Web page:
Multiple Kern County-based companies and facilities have received fines from the state these past few months for not following COVID-19 infection prevention in the workplace.
These fines, issued between October to December of 2020, were issued to five companies based in Wasco and one in Bakersfield.
In total, $186,360 in fines were issued. These were a result of the California Occupational Safety and Health Administration (Cal/OSHA) thorough inspections which led to the citations with violations related to COVID-19 infection prevention.
Citation reports by the Department of Industrial Relations claim the companies lacked a plan to properly protect workers from the pandemic or failed to train employees on COVID-19 safety measures — in some cases, both.
The description regarding Primex Farms LLC, a local Wasco-based nut processing plant, reads “Employer was cited for failing to report employees serious illness to Cal/OSHA and for failing to prevent harmful exposures of its own employees and contract employees to infectious or potentially infectious airborne particles by ensuring the use of engineering controls to prevent the spread of COVID-19, including, but not limited to, face coverings and failed to provide training and instruction to employees and contract employees regarding occupational hazards of COVID-19…”
Primex has around 400 employers who work to process and package locally produced almonds and pistachios.
According to the Bakersfield Californian, based on paperwork filed, Primex failed to create and maintain a program to protect its employees and those of all three staffing companies from the spread of COVID-19. This occured near the beginning of the pandemic, May 25 to June 15.
Additionally, it was written that they failed to provide or ensure mask coverings were worn. The company neglected to correct the unhealthy conditions or protect its workers from exposure to COVID-19, the department explained.
The visibility of this outbreak, particularly in Primex Farms, was made possible by the United Farm Workers along with multiple media outlets that gave attention to the workers’ concerns.
Two main allegations was that job security was not promised if employees missed work due to an outbreak, and workers were still scheduled to work even if test results were still pending.
However, these are disputed by Primex.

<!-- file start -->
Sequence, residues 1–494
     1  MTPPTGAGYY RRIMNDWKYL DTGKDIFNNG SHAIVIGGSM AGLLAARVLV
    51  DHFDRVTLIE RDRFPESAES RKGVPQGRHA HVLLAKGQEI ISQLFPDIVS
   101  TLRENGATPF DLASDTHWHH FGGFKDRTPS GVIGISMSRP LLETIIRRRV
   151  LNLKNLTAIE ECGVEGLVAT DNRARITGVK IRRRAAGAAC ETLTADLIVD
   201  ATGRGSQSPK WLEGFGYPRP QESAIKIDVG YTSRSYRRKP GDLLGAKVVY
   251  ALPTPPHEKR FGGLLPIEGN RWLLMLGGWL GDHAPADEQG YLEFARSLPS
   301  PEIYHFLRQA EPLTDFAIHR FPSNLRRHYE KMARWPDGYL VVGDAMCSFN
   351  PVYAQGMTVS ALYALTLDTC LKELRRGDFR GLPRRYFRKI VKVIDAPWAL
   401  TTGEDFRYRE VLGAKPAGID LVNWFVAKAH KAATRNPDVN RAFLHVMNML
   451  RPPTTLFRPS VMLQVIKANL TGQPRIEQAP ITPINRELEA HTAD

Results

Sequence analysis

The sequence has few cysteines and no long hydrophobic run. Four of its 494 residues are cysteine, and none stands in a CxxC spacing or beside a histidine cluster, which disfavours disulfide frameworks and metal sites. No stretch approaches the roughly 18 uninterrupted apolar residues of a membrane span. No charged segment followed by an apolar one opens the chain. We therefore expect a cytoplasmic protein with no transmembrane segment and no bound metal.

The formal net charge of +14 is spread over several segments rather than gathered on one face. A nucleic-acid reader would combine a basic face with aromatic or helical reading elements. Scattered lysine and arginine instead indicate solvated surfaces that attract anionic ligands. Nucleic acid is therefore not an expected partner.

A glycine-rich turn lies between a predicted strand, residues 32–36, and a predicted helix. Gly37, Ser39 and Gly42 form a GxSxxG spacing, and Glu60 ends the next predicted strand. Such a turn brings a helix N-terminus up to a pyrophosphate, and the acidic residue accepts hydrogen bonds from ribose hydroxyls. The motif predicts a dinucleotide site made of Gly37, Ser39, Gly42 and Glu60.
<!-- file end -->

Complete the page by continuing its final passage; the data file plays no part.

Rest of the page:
The California Corrections & Rehabilitation Wasco State Prison Reception Center also received a fine of $16,360 from the state for failing to implement and maintain an effective “Aerosol Transmissible Disease” exposure control plan and for failing to ensure that each person assigned a respirator was properly fit tested prior to use.
Two other Wasco-based companies — Jacobo Farm Labor Services, Inc., a roasted nut and peanut butter manufacturing site and H&R Labor Contracting, LLC — were each issued a fine for $11,250. The companies were each cited for failing to prevent “harmful exposures of its employees to infectious or potentially infectious airborne particles by ensuring the use of engineering controls to prevent the spread of COVID-19, including, but not limited to, face coverings and failing to evaluate and identify workplace hazards related to COVID-19.”
Wasco company United Staffing Associates, LLC, a temporary help services company, received a fine of $27,500 for failing to report a serious employee illness to Cal/OSHA, failing to implement and maintain an effective Injury and Illness Prevention Program (IIPP) for its employees by failing to effectively identify or evaluate workplace hazards relating to COVID-19 and failed to effectively implement methods or procedures to correct unhealthy conditions or work practices relating to COVID-19 and failed to provide training and instruction to its employees regarding the new occupational hazard of COVID-19.
Lastly, Kingston Healthcare Center, a skilled nursing facility in Bakersfield, was issued a fine in October for $92,500 for not reporting serious illnesses in the workplace timely and for not recording employee injury and illnesses in their Cal/OSHA log 300. The facility was also cited for not implementing source control procedures requiring them to inform other employees and third party employers of exposure to known COVID-19 infected individuals or limit the interaction of employees with known COVID-19 diagnosis, and for not providing protective equipment to employees. The employer was also cited for not developing an Aerosol Transmissible Disease Plan. The skilled nursing facility has had 105 COVID-19 cases among residents and 19 COVID-19 deaths among residents.
The Division of Occupational Safety and Health (DOSH), better known as Cal/OSHA, protects and improves the health and safety of working men and women in California and the safety of citizens. Their findings and fines, related to COVID-19, are to help slow and prevent the spread of the virus.
Furthermore, these citation are enforced to help employers better protect and workers and to promote compliance to OSHA regulations.